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  20. I rarely see blogs with videos and had the fortune of coming across yours.
    It’s wonderful that you incorporate videos into your journal. It submerges the reader into the location. It gives them an experience opposed to the traditional blogs of simply written text and photos.

    Thanks for sharing, it was a delight.
    Have you been to Germany?
    I’d recommend Hamburg, the architecture, harbor and people are spectacular.

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    • Hey! To be honest, I usually post videos on Vimeo and leave it at that, but Granada was fun to wander and I wanted to show that to people. I’ve gotten such a great response on the video clips in general (and they’re not even great at that!), so I think I’ll have to incorporate them on a regular basis. Thanks for note!

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  21. Jealous.

    Wait, did I say that out loud? Uh, I meant, I meant I’m happy for you, and stuff.

    *pouts jealously*

    Looks fabulous. And a terrific place to get deliberately lost.

    What about signs of modernity? Any corporate chains creeping in at the edges?

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    • Hey Mike! Thanks for stopping by. You know, unless I’m mistaken, I haven’t seen a McDonalds, Starbucks, or anything of that kind. I see the juxtaposition a bit at the foot of the Albayzin: a landscape of alleys and bars with Arabic signage, typical souvenir shops of mirrors and hookahs, and then more modern tapas bars catering to the hip. Then again, I veered away from the major avenues, so I may have missed any corporate creepage. (Ignore that creepage isn’t a word, and ignore the mindless alliteration!)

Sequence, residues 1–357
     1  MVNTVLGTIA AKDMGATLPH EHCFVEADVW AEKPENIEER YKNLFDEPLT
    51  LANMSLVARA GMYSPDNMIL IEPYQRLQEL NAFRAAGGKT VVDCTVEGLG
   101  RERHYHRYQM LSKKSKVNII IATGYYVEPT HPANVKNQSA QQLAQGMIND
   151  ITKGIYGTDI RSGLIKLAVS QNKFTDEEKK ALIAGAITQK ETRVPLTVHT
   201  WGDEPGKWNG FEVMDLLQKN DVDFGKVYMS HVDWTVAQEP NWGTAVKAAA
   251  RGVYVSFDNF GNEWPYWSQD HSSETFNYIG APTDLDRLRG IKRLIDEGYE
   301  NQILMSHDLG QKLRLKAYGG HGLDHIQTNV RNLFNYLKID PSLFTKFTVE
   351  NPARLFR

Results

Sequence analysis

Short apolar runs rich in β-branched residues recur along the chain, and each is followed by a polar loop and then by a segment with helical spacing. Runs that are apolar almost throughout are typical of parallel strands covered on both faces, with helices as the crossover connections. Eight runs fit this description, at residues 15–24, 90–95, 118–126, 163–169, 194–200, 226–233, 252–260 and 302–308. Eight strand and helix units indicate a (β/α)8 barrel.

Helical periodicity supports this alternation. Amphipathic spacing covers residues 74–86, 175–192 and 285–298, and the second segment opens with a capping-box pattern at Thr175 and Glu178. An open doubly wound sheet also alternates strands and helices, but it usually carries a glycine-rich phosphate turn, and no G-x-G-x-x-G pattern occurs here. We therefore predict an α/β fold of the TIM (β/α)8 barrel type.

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  22. Cheri:

    About a year has now passed since I was last in Granada. Your beautiful photos and powerful prose provided me with a welcome glimpse back to that special city this morning. Thanks! Keep up the great blog. Very inspiring.

    Best,

    Dave

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    • Hola Dave,
      Thanks for the note. I usually take time before posting something on a place I’m visiting, but Granada is truly inspiring… I’ll write more in depth upon my return. Have a great weekend, wherever you are.

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  23. What song was the man singing? it looks beutiful there, the town, the people, and the weather :)

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  24. I enjoyed Granada completely when I was there this past January. Seeing your pictures of the Darro make me strangely homesick. We stayed in the Palacio Mariana Pineda, which was very good.

    Please remember to try the Hammam Banuelos Arab Baths. It is my number one to do in Granada. They are off the Plaza Nueva.

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  25. i loved granada. it’s been many many years since i visited, but i’ll never forget. because my camera hated me back then, i was forced to take mental pictures. and those, i will always remember.

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    • I usually don’t post photos until after I’ve left a place, but I’ve been so inspired by Granada’s nooks and alleyways; it was hard not to start uploading. Thanks for visiting.

      Like